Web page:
Where you could see was lacking the physical relationship with her wife that she so wanted, that she was putting so much effort into her body, and we see women in straight relationships doing that too; when a husband’s interests start to focus on other women, wives try to improve themselves. One of Abby’s clients actually speaks to that experience, that she had kept her body so fit for her husband, which is probably something you should probably do for yourself and not your partner.
I love that great line; she really brought meaning to it. In moving to the suburbs I saw a lot of women conditioning their bodies and exercising, that’s another piece of the puzzle, exercising to the point of a few hours a day some times and going form one cause to another and I don’t think it had too much to do with keeping yourself fit. It had more to do with running off frustration whether it was sexual or not. And when you’re that frustrated, it has to be because in some way you are not living the life that you want to live whether you’re screaming at your children or you’re exercising ten times a day. So I saw it all around me and I actually saw it in myself. What was true in the movie was me screaming pathetically at my children. And I know we all scream at our children but telling somebody to shut the fuck and that kind of stuff is a tough way to meet a character.
How has the lesbian community reacted to the idea that Kate experiences lesbian bed death?
I’m aware of Pepper Schwartz and that lesbians in long-term relationships might not have sex as frequently and that makes sense but it makes sense only because there are certain biological things that happen to women. And they’re happening later now because we’re having children later but there are also certain biological things that happen to me - men have Viagra and women don’t. The fact that many women slow down is true but it’s not the only reason.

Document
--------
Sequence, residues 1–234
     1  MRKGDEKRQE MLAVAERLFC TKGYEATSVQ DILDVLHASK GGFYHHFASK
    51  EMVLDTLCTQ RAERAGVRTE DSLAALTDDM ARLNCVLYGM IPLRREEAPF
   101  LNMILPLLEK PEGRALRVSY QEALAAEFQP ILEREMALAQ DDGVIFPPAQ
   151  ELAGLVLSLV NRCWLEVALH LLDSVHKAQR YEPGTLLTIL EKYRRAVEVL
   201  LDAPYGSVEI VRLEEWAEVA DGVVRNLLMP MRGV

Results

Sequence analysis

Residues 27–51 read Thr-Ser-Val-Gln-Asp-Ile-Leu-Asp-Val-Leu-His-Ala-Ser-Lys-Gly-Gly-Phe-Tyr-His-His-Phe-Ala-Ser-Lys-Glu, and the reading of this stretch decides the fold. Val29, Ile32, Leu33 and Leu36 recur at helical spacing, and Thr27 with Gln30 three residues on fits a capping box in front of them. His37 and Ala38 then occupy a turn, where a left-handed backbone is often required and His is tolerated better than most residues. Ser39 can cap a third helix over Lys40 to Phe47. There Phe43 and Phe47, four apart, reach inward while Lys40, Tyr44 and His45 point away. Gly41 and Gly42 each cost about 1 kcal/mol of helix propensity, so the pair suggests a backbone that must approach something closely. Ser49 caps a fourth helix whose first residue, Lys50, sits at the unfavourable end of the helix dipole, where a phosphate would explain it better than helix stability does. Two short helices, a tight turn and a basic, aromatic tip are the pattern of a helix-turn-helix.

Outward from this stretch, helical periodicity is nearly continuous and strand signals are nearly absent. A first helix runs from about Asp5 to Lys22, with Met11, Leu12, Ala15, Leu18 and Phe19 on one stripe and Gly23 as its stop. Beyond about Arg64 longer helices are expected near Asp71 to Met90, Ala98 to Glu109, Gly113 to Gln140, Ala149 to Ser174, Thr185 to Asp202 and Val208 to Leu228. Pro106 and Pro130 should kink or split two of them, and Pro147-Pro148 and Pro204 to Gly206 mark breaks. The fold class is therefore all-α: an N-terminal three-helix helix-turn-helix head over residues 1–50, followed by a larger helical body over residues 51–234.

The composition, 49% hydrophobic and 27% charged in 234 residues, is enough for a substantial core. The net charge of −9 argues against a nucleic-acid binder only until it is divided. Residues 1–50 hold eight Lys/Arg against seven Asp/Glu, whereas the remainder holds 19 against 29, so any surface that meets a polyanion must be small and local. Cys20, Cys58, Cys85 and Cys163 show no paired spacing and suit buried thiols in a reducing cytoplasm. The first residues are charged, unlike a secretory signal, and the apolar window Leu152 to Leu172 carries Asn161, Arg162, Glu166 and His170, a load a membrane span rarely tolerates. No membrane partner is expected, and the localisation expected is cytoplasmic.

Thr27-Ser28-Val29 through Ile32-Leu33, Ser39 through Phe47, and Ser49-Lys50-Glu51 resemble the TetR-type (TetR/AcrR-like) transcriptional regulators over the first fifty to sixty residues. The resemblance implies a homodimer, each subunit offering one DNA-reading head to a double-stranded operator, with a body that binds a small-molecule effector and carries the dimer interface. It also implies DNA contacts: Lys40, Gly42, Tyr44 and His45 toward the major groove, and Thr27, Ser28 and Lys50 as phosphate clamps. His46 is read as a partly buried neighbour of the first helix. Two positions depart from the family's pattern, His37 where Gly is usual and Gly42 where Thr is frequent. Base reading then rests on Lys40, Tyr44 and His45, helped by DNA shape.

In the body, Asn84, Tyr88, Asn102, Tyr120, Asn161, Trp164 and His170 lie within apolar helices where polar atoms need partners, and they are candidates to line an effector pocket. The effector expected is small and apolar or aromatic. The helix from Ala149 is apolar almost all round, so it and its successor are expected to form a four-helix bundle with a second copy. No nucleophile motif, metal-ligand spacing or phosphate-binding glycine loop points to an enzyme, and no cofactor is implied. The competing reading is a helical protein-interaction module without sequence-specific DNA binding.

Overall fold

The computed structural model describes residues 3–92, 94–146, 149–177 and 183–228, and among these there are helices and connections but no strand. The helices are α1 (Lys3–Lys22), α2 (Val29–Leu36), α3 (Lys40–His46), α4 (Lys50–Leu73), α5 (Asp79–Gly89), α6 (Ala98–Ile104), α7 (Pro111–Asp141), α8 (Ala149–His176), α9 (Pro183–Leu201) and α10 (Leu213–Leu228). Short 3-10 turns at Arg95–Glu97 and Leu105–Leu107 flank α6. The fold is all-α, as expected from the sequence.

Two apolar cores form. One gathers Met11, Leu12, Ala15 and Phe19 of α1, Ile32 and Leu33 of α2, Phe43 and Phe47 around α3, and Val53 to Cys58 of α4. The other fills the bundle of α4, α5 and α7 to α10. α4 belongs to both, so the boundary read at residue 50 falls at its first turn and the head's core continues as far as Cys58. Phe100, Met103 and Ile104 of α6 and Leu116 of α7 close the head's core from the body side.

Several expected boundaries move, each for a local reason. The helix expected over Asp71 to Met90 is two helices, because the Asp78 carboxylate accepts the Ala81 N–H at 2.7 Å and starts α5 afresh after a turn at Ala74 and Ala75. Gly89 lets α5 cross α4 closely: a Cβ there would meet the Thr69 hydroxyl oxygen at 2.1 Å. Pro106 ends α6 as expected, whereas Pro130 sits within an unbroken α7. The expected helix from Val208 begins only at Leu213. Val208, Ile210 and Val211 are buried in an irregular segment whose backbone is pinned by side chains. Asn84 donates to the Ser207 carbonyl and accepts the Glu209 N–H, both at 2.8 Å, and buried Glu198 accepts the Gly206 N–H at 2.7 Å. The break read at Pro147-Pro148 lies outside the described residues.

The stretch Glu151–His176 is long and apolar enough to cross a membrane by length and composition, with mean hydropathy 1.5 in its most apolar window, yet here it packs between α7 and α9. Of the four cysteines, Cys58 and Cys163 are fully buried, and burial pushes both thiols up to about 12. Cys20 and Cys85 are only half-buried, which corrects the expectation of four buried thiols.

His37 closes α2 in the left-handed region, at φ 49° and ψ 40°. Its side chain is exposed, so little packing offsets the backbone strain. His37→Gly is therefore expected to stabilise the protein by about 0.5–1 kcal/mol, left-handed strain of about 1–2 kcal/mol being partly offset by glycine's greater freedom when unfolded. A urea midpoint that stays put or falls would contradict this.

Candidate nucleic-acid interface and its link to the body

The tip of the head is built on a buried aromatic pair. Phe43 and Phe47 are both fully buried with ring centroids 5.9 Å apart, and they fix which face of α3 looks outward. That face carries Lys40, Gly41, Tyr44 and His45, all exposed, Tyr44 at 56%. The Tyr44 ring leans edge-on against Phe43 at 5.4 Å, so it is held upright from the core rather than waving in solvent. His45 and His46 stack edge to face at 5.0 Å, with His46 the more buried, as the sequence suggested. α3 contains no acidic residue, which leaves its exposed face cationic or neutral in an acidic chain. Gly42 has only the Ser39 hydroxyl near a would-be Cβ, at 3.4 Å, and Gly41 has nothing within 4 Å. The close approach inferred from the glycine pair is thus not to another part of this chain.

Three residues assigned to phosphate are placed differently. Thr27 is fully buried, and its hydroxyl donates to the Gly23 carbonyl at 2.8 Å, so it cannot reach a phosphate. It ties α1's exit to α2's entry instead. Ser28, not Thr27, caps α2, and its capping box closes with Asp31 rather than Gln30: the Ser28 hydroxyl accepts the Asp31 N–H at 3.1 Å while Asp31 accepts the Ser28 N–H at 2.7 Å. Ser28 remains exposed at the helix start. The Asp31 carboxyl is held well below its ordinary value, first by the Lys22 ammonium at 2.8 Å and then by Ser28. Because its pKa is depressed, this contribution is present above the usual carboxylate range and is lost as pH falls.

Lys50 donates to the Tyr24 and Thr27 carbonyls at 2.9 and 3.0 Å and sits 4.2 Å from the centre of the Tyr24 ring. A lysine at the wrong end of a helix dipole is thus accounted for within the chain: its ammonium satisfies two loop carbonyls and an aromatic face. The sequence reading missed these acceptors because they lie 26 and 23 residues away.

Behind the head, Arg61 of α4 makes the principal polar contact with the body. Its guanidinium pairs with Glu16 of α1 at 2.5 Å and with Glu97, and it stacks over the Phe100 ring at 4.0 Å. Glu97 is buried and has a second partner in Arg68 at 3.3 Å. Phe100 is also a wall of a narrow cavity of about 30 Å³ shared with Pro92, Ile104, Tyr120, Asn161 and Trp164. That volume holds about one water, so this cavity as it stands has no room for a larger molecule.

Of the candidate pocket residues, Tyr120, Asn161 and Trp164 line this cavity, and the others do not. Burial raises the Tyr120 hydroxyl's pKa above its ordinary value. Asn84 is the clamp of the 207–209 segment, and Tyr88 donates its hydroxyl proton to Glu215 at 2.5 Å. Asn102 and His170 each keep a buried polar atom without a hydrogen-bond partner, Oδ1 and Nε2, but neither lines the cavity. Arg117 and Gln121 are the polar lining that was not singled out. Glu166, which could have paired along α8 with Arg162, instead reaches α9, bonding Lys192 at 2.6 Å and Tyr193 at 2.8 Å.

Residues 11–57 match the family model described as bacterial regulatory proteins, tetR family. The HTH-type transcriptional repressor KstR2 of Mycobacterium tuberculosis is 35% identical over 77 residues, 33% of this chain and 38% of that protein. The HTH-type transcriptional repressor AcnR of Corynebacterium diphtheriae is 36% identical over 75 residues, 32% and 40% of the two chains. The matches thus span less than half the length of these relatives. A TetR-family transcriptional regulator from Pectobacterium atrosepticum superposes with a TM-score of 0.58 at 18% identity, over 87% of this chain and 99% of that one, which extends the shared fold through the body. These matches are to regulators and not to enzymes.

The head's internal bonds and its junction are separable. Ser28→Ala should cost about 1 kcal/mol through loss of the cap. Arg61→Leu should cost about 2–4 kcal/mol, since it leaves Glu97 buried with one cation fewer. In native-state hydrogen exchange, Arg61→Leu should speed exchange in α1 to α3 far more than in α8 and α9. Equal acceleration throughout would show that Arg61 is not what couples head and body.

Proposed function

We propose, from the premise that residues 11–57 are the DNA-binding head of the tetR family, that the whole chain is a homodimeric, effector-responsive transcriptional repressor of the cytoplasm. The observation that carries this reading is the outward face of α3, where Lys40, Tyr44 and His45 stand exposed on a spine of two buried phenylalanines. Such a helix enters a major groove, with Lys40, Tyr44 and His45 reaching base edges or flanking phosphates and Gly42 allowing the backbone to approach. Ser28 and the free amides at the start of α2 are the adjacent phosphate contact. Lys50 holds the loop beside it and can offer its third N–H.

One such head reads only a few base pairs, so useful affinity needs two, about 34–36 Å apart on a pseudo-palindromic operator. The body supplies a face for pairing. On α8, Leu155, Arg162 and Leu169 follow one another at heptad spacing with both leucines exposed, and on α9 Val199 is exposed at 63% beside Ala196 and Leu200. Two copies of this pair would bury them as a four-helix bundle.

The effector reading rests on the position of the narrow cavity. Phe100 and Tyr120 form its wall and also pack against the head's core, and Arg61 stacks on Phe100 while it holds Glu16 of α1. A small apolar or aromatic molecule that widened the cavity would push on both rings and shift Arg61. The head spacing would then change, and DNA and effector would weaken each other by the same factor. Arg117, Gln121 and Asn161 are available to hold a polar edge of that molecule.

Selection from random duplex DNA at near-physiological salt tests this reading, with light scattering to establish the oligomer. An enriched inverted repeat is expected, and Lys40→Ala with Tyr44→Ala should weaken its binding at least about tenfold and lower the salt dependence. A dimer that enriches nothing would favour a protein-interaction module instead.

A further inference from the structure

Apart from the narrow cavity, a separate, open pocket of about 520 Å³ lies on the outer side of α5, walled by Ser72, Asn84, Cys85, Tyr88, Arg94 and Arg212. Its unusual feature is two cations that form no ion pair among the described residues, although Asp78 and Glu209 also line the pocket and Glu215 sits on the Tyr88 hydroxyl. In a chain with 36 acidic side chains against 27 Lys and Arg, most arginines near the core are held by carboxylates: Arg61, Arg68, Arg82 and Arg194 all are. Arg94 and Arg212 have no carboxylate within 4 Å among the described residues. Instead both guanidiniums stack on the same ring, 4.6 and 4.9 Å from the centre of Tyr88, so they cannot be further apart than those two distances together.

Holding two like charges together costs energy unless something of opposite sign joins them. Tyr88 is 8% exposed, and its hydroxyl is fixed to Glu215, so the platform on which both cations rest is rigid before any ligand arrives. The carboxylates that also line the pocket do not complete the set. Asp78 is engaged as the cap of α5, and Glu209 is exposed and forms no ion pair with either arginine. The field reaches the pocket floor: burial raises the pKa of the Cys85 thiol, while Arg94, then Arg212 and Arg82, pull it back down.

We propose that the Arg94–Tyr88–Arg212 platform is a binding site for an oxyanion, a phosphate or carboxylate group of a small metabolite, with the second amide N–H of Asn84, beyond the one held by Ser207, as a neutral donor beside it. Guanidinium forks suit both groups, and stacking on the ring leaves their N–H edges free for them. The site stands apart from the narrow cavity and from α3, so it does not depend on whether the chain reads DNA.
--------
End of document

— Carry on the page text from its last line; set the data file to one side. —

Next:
It’s just mis-labelled as ‘lesbian’, surely it’s just something that happens to people.
Exactly! It is just people. I was talking to a friend and I was like, “Well do you guys still…” and she said “Oh all the time, I can’t get him off of me.” And I thought of the scene in Bridesmaids where one of the friends said ‘I just wanna watch Jon Stewart without him entering me.’ It’s interesting because a lot of women feel that way, so it’s not lesbian bed death; it’s really just women and bodily changes and menopause. But at the same time, a lot of women reach their sexual peak at a later time in life so in terms of Abby and Kate, they’re just missing each other. I hate that term lesbian bed death.
To talk briefly about the male characters in the film; there aren’t very many of them, was that a conscious decision to limit the number of men or is it just what happens when you’re telling a story about lesbians?
For me, it’s really more about a kind of generation. I once knew someone who I based the character of Justin on and he would do these crazy things with his girlfriend and he would tell me all about them. And it was the way his generation was thinking about sex, sleeping with friends and I was just astounded by that. Justin is a really important character in the film because to me, he represents a generational shift in attitudes - he’s immature but also filled with a lot of knowledge. Some of the other men in the film to me were having the most fun and in my life that’s true as well, my heterosexual friends take life way less seriously than Allison and I do. The reason why is because we were so hell-bent on legitimacy for so long and they didn’t necessarily care about that - they wanted to stay young and fun and we wanted to make money and have children and have the right to marry and the legitimacy aspect made us quite serious and not fun anymore. And that’s really what has happened to Kate and Abby too.